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Stem cells are responsible for tissue or organ formation during prenatal life, and also for further growth. They are also responsible for repairing and regeneration of internal body system. This internal replenishing system works continuously throughout our life span. These cells display important attributes, which distinguishes them from normal cells. The cell division of stem cell gives rise to new stem cell or turned into specialized cell with definite function such as a muscle cell, a red blood cell, or a brain cell. In vivo or in vitro stimuli activate these cells to acquire special functions by becoming part of tissue- or organ-specific cells. Stem cells in the gut and bone marrow are at continuous task to repair and replace injured or eroded tissues, and therefore they multiply regularly by a process of cell division. In the organs like the pancreas and the heart, they are generated under certain physiologic conditions (http://stemcells.nih.gov/info/basics/basics4.asp). The major breakthroughs in stem cell research will able to figure out clearly the development of an organism from a single cell. The most of the work is reported on two types of stem cells embryonic stem cells and non-embryonic stem cells. There is a recent introduction of genetically "reprogrammed" stem cell termed as induced pluripotent stem cells (iPSCs) in 2006. Stem cell therapy is administered through local delivery or systemic infusion, of autologous or allogeneic cells. This aids in restoring the viability or functioning of damaged and malfunctioned tissues (Lu, Zhang & Jin, 2009).
Non-embryonic stem cells are also called as ‘adult stem cells’. They are undifferentiated cells, found throughout the body of animals and humans in differentiated tissue or organ after the embryonic growth. They are also termed as somatic stem cells which are responsible for building different specialized cell types. These cells play pivotal
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Stem cell research is controversial due to the debate surrounding the possible sources of stem cells - embryonic stem cells and adult stem cell. In this sense, the research will focus only on adult stems cells (ASC) and its potential. It asserts that ASC has to address the ethical issues surrounding it as it involves human subjects.
It is interesting to note that both adults and embryos have stem cells. However, the research of adult stem cells is not what has caused so much furor in the academic and socio-religious circles. The controversy is regarding embryonic stem cells and the research thereon.
These researches and advancements, however, raise a lot of questions and controversies when it comes to ethics and code of principles, be it on the social, religious or any other behalf. Especially during and after the Second World War, when a lot of research in the field of biology and medicine was required and was going on, people started paying attention to the research processes and were concerned on the ethical grounds about it and thus emerged the field of Bioethics.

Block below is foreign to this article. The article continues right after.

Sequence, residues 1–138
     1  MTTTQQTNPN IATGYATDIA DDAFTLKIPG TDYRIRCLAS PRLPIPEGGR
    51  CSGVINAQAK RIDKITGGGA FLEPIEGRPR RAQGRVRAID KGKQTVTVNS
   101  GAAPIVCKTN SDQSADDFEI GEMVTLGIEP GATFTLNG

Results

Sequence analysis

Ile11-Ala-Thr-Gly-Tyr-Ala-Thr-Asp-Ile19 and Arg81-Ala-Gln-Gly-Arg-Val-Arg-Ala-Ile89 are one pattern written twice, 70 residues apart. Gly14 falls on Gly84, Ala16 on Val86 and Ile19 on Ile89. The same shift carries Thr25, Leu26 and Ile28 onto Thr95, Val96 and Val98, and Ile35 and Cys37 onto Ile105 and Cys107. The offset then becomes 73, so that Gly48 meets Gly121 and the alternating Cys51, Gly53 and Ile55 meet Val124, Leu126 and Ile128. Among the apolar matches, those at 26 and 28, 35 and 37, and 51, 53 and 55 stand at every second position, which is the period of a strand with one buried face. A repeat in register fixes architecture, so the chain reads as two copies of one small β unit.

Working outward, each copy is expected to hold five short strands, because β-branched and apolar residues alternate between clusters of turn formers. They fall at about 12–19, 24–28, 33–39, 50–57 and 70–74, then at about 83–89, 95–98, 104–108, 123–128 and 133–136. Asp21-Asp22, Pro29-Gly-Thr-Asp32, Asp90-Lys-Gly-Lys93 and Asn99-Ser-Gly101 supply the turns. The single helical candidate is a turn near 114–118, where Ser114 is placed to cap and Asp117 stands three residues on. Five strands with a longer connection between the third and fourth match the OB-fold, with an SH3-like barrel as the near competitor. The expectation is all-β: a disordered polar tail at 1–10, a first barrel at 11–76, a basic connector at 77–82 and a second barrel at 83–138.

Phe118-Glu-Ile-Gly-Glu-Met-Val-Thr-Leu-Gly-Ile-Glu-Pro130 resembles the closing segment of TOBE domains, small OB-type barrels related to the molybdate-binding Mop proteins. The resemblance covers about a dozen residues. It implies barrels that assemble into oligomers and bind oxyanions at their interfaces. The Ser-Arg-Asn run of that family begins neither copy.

The author discusses ethical and moral arguments of using embryonic stem cells. Arguments of groups or sectors opposing the use of embryonic stem cells revolve around the destruction of life because they consider the cell in the embryo as not just a simple cell but life itself or the beginning of a human being.
Science and technology has developed so much that in the recent years scientists hope to use these cells to develop new tissues, treatments and potentially even organs for transplanting into a patient. First and foremost argument made by the scientific community is that human stem cell research is said to promise new life changing treatments and possible cures for many devastating diseases and injuries, such as Parkinson's disease, diabetes, heart disease, multiple sclerosis, burns and spinal cord injuries (Young 2-16).
Certain types of tumors called teratomas are extraordinarily adept at generating adult tissues, but unlike embryos, they do so without the benefit of an organizing principle or blueprint. Such tumors rapidly produce skin, bone, muscle, and even hair and teeth, all massed together in a chaotic lump of tissue.
l is a type of cell that has the ability to divide or multiply indefinitely in culture and become any one of more than 200 different types of tissue cells in the body, such as muscle cells, blood cells, nerve cells and even new teeth. In the recent researches scientists hope to
The tissue-particulate stem cells role is to re-grow cells lost cells. Stem cells have the potential to trans-separate into an array of non-hematopoietic types of cells according to Bilko, Fehse, and Ostertag (2007). Stem cells can also be utilised to
Consequently, when a stem cell divides, it has the capacity of becoming a different type cell. For example, it can became a brain cell, muscle cell or remain as a stem cell.
Stem cell is different from other cells in the
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